Subdivision rules adopted in Ascension Parish

The Ascension Parish Council adopted broad new rules for basic subdivisions Thursday that would require sidewalks, private parks and trees for the first time as a minimum standard.

The decision, which has the potential to change the way Ascension Parish grows in the face of new industrial development, prompted a distillation of years of debate among various councils and parish Planning Commissions over how firm a hand government should have in shaping development in the fast-growing parish.

After a motion to delay the vote failed, the key subdivision ordinance change passed 6-4, with Councilmen Oliver Joseph, Todd Lambert, Bryan Melancon and Daniel “Doc” Satterlee voting no. All other council members were for it except Councilman Chris Loar, who does not vote as chairman unless to break a tie.

The changes, which also would alter the way allowable density is calculated, have been the subject of months of work by the parish Planning and zoning Commission dating back to early 2013.

Commissioner Gasper Chifici detailed the numerous meetings held on the changes and summed up the impact of the rules.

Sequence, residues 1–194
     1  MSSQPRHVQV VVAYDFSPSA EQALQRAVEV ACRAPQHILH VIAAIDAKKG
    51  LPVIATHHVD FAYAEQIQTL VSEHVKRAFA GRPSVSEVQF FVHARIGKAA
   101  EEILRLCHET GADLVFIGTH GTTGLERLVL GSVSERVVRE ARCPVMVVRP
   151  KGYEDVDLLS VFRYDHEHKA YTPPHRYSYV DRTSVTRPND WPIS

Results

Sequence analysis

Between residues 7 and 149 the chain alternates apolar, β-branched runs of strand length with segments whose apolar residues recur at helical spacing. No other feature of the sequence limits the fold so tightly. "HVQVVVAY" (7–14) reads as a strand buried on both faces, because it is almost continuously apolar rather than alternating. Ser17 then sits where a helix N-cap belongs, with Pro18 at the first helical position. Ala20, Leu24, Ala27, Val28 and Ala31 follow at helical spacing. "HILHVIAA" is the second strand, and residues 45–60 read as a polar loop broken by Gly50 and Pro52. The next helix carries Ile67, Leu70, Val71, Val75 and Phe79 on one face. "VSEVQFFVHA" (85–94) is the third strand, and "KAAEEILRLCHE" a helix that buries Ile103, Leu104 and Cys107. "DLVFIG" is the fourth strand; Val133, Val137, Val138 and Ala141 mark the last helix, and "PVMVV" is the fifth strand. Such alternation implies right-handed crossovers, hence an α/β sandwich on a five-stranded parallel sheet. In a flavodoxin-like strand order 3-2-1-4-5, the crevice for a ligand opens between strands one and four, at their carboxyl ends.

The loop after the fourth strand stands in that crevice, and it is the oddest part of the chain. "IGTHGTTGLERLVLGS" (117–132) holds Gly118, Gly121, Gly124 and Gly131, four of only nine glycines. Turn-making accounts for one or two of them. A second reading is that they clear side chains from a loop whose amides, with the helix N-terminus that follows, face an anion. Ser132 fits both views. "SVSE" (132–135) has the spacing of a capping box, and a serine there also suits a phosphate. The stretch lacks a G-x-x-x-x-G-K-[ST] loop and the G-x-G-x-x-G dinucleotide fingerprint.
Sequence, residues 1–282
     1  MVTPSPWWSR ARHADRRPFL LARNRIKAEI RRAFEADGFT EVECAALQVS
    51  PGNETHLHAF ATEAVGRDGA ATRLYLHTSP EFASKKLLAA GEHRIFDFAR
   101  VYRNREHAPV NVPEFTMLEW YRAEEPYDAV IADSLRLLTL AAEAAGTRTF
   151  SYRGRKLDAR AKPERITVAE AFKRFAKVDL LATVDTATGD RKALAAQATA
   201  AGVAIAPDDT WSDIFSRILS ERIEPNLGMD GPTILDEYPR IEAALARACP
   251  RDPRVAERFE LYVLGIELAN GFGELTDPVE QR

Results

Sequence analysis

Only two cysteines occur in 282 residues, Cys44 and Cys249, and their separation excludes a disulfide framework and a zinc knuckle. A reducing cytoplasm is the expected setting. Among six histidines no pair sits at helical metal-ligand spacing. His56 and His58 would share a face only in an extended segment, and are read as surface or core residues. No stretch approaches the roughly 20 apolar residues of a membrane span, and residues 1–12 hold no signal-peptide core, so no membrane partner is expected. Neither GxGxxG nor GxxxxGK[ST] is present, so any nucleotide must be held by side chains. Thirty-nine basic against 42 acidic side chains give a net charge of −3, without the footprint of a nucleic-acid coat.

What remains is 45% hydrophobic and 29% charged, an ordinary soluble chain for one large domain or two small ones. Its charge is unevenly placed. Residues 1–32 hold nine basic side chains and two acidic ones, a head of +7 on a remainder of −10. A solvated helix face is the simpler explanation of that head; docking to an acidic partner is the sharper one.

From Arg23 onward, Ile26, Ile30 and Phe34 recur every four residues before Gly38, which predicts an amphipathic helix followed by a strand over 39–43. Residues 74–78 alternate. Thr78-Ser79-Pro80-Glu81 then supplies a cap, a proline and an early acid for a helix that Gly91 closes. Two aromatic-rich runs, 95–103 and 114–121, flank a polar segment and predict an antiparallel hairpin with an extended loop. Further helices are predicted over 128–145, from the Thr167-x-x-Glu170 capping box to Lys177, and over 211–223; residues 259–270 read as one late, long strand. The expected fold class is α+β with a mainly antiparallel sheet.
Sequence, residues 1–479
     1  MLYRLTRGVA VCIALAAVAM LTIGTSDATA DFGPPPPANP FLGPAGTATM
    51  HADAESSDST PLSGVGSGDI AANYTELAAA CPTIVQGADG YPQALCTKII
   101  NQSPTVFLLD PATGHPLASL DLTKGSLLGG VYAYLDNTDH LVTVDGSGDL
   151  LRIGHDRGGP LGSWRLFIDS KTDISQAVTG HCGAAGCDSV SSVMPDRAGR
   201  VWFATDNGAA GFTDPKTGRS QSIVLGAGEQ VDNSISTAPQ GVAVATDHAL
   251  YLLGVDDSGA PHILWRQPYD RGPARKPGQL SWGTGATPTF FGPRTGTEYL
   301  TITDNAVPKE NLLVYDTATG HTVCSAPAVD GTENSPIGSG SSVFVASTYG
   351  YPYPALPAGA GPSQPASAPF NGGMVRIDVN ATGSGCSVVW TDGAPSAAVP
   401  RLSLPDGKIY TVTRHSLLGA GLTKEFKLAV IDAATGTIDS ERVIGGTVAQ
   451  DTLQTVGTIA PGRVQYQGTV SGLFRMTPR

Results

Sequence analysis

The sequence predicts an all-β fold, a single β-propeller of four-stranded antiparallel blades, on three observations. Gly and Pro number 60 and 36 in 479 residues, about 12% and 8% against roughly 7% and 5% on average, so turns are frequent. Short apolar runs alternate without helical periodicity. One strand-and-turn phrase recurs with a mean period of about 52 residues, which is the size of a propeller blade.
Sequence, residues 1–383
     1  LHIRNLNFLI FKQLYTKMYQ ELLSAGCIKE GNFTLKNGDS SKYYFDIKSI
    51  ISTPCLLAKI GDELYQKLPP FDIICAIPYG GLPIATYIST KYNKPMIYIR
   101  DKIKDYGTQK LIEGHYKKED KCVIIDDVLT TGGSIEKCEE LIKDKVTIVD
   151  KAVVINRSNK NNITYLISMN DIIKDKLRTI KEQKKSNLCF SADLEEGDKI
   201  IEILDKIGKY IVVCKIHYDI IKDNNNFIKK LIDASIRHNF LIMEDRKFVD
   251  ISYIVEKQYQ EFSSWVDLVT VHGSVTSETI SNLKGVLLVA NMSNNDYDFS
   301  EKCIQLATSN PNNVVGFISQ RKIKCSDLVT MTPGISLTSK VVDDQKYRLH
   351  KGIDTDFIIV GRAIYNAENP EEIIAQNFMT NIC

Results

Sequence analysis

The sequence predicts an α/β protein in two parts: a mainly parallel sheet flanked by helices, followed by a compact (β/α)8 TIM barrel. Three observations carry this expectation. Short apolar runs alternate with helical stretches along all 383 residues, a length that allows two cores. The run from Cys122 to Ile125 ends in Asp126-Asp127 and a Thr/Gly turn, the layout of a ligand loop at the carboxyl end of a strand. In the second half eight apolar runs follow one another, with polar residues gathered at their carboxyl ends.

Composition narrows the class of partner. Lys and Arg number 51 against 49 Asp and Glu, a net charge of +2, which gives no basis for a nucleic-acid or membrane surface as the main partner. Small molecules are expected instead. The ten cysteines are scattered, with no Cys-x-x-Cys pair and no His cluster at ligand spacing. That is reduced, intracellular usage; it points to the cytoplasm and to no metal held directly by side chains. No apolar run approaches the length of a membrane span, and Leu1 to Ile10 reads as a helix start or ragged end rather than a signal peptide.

“But this is all about what we want this parish to look like going forward. We’re not going to stop people from moving here, or wanting to move here,” Chifici said.

“We can continue, I suppose, to build subdivisions like we’re building them now. Is that what you want to see for the future of Ascension Parish? That’s really all this is about.”

On one side, some council members had philosophical concerns that the parish telling residents what kind of subdivision they should live in smacks of Washington, D.C.-style elitism and worry the rules would price out the parish’s working class and young families with high-dollar subdivisions.

They argued while the council should pursue building codes, zoning and sewer improvements as a matter of safety, the council should let the market decide what kind of subdivisions exist in Ascension.

Satterlee seized on Chifici comment that the regulations were about what “we want this parish to look like going forward.”

“When we do that to our subdivision code, to me this is akin to like we see in Washington, D.C., this government elitism attitude. We are telling the folks of Ascension Parish, ‘We know what’s best for you,’ ” said Satterlee.

On the other, some council members saw the rules as a reasonable, if imperfect, reaction to improve the community good after years of subdivisions being built by the private market to a bare minimum standard that have not provided a place for children even to keep their bikes out of the street.

“So let’s be honest about what our job really is. It is to set those overall standards for the community — what’s in the best interest of the community versus what’s in the best interests of the individual property owner,” Loar said.

“I don’t think that’s government elitism. I think that’s doing the job people elected us to do.”